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Q: Forgotten Broadway Musicals ( Answered 3 out of 5 stars,   2 Comments )
Subject: Forgotten Broadway Musicals
Category: Arts and Entertainment > Performing Arts
Asked by: supersj-ga
List Price: $4.00
Posted: 19 Apr 2002 12:09 PDT
Expires: 26 Apr 2002 12:09 PDT
Question ID: 2104
What are some of the overlooked musicals of the 40s, 50s, and 60s that are 
appropriate for a small cast (up to 15 people)?
Subject: Re: Forgotten Broadway Musicals
Answered By: waggawa-ga on 19 Apr 2002 13:38 PDT
Rated:3 out of 5 stars
A good starting place is the Musical Theatre International online database 
( You can browse Production 
Specifications by Production, and choose Small (2-10) or Medium (11-20) from 
the Cast Size pulldown menu. Click the Add to Production button, add on any 
other parameters you want, then click Start Search. It includes musicals from 
the 1920's through the present.

Some of the musicals noted for small casts include the following (for the 
longer synopses, see the Web site):

 “All in Love”  (Opened 1961)On holiday in Bath, England, a mismatched 
collection of blue-blooded 18th century Brits swap affections and misdirected 
love letters in this hilarious musical setting of Sheridan's “The Rivals,” one 
of the funniest comedy of manners ever written. 

"The Apple Tree" (Opened 10/18/1966) A unique evening of three one-act musicals 
about men, women and a little thing called temptation. 

"archy & mehitabel" (Opened 4/13/1957)This bizarre, highly original musical 
takes us into the streets of the big city as [cockaroach] archy tries 
hopelessly to bring the “toujours gai” [alley cat] mehitabel off the back fence 
and into a respectable home as a housecat.

“Ernest In Love”(Opened 5/5/1960)A faithful adaptation of Wilde’s comic 
masterpiece, “Ernest In Love” features all of its much-beloved characters and 
most of the same production demands, with the addition of a small band. The 
clever, tuneful score is the perfect complement to Wilde’s incomparable 
wordplay and immortal witticisms in this delightful reworking of what has been 
called “the funniest play in the English language.”  

"I Do! I Do" (Opened 12/5/1966)The story of a marriage is at the center of this 
intimate and nostalgic work by Harvey Schmidt and Tom Jones, the authors 
of “The Fantasticks.” “I Do! I Do!” delivers Broadway quality and universal 
appeal with minimal production requirements.

“The Fantasticks” (Opened 5/3/1960)is the longest-running musical in the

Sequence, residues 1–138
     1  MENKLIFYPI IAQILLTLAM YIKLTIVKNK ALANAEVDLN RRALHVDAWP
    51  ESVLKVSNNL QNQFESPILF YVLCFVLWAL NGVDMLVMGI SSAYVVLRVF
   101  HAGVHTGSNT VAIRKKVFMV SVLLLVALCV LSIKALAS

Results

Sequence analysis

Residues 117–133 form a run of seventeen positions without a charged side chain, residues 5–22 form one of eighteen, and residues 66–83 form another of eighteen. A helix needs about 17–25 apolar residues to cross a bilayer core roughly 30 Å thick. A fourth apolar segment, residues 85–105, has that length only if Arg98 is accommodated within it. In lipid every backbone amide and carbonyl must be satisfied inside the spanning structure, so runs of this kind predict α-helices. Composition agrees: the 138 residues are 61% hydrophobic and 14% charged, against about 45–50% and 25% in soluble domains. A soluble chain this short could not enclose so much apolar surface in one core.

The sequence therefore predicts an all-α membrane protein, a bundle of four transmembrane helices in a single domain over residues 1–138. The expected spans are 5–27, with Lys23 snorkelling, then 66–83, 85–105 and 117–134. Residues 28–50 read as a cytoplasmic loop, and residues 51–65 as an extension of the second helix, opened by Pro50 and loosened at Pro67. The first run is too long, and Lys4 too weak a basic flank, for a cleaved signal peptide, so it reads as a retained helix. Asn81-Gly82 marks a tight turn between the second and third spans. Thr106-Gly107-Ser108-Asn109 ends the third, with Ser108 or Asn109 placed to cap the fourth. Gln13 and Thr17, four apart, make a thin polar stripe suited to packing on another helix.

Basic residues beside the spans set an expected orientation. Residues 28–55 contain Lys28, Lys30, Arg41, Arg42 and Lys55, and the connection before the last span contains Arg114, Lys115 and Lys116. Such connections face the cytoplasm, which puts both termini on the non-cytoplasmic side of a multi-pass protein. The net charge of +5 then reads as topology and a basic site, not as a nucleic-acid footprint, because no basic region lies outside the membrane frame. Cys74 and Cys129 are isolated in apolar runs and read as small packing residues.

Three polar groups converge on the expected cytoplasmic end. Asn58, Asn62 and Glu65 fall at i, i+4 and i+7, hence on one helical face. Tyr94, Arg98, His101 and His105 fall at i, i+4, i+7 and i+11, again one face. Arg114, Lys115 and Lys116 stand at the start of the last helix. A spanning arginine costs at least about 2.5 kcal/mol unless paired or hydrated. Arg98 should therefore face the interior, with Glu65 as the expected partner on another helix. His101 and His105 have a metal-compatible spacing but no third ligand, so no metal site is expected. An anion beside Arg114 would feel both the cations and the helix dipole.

world.  Its moving tale of young lovers who become disillusioned, only to 
discover a more mature, meaningful love is punctuated by a bountiful series of 
catchy, memorable songs, many of which have become standards.  

"Riverwind" (Opened 12/12/1962) A tender, humorous book and a fresh, well-
crafted, witty and eclectic score made this very human drama one of the most 
successful off-Broadway shows of the 1960s.  

“The No-Frills Revue” takes its cue from the brilliantly sardonic topical 
revues of the 1950s, employing original songs, sketches, a small cast and trio 
of musicians in an hilarious all-out assault on the world as we know it

"A Pocketful of Rhymes" (Opened 1968)Classic nursery rhymes are set to a catchy 
contemporary score that covers the range of 20th century music. Enormously 
popular, the original production – staged with only a chair and six blocks – 
played limited engagements on Broadway and even inspired a CBS television 

"She Loves Me" (Opened 4/23/1963) It is the rare musical theatre aficionado who 
doesn’t have a soft spot in his heart for this intimate show, considered by 
many the most charming musical ever written.

“Where’s Charley” (Opened October 11, 1948)A tuneful and hysterically funny 
classic that’s non-stop entertainment. 

You can also check out these Web sites:

Small-Cast One-Act Guide Online

Moderate Length and Short Small Cast Plays for Touring

You can also do a search using the terms "small cast musical music theater OR 

Clarification of Answer by waggawa-ga on 22 Apr 2002 10:00 PDT
Also try searching using the terms: forgotten OR lost musicals.

Has a very useful catalog of musicals by composer's last name. Search under any